• Critically, it will now be much harder for criminals to hide behind false information about who really owns UK companies. Those named as ’people with significant control’ (PSCs) of UK-registered companies or certain types of partnerships (along with directors and some managing officers), will have to have their identities verified, either by authorised third parties or by Companies House directly. It will also be a criminal offence to provide false or misleading information.
  • The Government has committed to raising the cost of incorporation (it is expected this will be around £50) which will raise the funds needed by Companies House to implement the wholesale reform this Act requires, without being prohibitive to people setting up legitimate businesses.

Making a good Bill better

The Bill was also presented as an opportunity for Parliament to improve legislation for the Register of Overseas Entities (ROE), the UK’s public register of the real owners of offshore companies that own property here. The Economic Crime (Transparency and Enforcement) Act 2022, which produced this register, was emergency legislation rushed through Parliament at speed. This meant that this new Bill also provided an opportunity for Parliament to close some of the loopholes we discovered with the law, which became increasingly clear as the data poured in.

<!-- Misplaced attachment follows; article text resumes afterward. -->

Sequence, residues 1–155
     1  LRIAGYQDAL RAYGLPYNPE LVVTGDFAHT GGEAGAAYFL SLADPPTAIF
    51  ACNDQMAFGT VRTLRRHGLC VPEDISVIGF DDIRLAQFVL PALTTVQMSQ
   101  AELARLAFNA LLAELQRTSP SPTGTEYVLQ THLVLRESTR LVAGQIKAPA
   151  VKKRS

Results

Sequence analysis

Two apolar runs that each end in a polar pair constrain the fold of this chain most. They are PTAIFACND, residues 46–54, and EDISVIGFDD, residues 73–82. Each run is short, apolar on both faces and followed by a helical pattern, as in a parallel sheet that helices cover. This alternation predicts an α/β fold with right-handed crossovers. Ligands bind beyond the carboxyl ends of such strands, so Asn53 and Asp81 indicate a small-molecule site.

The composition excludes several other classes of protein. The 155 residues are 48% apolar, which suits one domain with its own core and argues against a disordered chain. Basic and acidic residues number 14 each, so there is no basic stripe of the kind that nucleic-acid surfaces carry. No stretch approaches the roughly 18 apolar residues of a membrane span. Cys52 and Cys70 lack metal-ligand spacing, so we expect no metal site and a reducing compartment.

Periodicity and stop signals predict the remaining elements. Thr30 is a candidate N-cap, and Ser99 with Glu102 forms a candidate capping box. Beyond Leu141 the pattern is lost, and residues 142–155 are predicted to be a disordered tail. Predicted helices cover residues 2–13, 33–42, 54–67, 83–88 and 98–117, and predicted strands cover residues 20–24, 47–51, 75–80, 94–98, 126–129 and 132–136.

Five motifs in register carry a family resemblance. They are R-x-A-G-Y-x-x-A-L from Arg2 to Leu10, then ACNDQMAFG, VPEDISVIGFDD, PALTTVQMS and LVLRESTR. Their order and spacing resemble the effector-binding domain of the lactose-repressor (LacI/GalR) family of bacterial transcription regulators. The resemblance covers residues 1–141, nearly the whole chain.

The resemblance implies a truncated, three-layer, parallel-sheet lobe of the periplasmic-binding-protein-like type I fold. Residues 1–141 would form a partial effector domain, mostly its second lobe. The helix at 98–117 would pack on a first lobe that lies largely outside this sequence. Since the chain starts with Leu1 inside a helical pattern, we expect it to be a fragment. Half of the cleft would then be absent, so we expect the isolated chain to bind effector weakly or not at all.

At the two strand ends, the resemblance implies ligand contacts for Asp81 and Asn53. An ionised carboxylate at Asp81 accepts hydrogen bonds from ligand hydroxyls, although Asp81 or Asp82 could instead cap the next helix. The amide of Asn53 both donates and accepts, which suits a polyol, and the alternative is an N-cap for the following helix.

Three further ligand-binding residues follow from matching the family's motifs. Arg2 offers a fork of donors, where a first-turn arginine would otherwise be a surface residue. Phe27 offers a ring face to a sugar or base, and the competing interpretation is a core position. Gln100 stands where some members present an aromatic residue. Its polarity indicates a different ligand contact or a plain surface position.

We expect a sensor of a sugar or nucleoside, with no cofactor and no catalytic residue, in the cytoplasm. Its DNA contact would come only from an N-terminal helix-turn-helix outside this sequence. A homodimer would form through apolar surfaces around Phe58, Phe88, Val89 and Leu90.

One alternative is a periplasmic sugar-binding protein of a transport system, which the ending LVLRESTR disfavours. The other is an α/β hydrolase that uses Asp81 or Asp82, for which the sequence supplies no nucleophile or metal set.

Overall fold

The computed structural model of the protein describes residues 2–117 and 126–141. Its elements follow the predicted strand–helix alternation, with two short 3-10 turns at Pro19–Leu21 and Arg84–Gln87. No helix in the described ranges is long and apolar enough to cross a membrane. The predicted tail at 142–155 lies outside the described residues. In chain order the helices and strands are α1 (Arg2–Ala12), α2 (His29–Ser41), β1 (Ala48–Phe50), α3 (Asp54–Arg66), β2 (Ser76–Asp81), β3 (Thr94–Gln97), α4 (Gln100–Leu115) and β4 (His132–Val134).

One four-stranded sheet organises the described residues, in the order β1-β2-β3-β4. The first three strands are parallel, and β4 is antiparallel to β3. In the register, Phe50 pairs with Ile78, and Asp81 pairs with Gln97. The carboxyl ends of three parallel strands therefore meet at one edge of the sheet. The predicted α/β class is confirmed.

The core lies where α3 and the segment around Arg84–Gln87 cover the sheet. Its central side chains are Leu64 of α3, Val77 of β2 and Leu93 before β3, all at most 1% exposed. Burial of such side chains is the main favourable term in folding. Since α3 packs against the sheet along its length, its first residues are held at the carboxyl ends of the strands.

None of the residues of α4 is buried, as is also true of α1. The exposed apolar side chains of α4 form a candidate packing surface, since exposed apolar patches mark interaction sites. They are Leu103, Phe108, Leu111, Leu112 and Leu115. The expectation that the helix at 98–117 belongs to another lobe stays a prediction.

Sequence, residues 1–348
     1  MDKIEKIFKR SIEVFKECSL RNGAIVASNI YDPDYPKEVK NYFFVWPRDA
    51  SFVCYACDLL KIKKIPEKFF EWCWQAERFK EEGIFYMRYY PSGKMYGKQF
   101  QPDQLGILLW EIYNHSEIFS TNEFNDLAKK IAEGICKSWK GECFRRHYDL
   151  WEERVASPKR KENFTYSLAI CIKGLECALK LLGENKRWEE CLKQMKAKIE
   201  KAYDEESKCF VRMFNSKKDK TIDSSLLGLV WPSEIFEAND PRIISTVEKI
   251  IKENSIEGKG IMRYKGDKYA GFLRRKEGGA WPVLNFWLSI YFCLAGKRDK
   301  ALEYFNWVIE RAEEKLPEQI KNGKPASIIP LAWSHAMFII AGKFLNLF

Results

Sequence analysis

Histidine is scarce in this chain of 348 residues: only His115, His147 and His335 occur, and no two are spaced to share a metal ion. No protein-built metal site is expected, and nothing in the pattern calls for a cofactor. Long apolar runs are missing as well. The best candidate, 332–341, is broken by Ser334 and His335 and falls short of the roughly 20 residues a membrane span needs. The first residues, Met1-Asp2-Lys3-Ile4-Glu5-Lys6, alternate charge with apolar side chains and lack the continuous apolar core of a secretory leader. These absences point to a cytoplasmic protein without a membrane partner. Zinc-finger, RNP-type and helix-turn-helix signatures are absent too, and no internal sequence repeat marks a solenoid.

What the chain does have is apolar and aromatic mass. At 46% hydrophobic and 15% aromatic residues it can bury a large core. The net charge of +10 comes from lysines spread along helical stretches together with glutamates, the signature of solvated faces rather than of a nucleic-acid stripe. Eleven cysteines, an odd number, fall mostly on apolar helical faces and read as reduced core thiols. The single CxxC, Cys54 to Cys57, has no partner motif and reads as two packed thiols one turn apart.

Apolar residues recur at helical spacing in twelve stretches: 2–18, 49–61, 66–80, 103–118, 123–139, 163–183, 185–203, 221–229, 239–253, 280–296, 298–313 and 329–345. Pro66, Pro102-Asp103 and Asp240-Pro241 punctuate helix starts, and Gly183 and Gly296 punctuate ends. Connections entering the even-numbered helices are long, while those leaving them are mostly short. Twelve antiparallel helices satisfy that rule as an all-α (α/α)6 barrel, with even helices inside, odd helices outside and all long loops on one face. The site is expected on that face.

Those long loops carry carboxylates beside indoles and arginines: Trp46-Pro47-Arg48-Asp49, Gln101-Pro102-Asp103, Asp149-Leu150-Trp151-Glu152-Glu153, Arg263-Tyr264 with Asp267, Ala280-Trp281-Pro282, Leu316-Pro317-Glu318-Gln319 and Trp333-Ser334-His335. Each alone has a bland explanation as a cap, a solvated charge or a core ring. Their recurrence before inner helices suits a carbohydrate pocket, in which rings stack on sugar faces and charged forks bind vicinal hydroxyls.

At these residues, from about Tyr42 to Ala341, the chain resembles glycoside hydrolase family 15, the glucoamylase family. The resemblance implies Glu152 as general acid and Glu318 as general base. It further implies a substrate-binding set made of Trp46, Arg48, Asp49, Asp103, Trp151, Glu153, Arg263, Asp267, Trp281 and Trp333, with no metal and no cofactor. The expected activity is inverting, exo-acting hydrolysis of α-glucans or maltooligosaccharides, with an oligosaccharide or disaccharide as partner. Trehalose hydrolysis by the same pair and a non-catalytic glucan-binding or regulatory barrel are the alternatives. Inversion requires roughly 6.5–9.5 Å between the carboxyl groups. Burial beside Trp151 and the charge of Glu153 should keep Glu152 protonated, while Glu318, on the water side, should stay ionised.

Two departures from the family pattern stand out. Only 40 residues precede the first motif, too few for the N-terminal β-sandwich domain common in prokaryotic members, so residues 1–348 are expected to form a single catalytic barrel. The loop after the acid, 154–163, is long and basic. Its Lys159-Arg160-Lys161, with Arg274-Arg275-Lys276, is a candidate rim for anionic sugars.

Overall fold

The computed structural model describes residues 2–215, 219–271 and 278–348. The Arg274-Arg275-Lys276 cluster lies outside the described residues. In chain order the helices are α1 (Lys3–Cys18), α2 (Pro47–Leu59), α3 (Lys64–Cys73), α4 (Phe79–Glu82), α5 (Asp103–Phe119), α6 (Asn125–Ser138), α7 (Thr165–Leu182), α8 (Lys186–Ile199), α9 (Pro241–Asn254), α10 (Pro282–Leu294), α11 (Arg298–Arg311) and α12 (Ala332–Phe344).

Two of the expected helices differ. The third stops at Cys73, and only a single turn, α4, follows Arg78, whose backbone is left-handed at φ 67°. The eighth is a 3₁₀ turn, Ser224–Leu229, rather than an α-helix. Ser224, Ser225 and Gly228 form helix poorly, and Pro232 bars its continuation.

The first of these loopholes was that it was far too easy to sidestep new transparency requirements in the ROE by using nominee arrangements. Which is to say: where offshore companies held property on behalf of clients through nominee arrangements, the identities of these clients would not likely be reportable to Companies House - instead the owners of the corporate nominee would appear on the public register. This could happen on a large scale, with a single nominee company administered by a wealth management firm holding multiple properties via nominee arrangements on behalf of several different clients. We were not the only ones to have noticed this loophole: we found law firms openly describing this as a ‘lacuna’ in the law that would ‘continue to provide privacy as far as the ROE is concerned’.

Working closely with parliamentary allies, we made the case for capturing information about the people behind these nominees to civil servants, ministers, and crossbench peer Lord Vaux of Harrowden, who tabled an amendment to bring about our proposed change. In response, the government tabled its own amendment to close this loophole in the Bill.

The second major loophole is trusts. While the ROE is already bearing fruit by revealing the true owners of UK property (including, for example, former Russian Deputy Prime Minister Igor Shuvalov), the law prevents Companies House from publishing information about the parties to trusts that are registered as owners of overseas entities. This keeps these property owners from public view, and risks undermining the purpose of this legislation.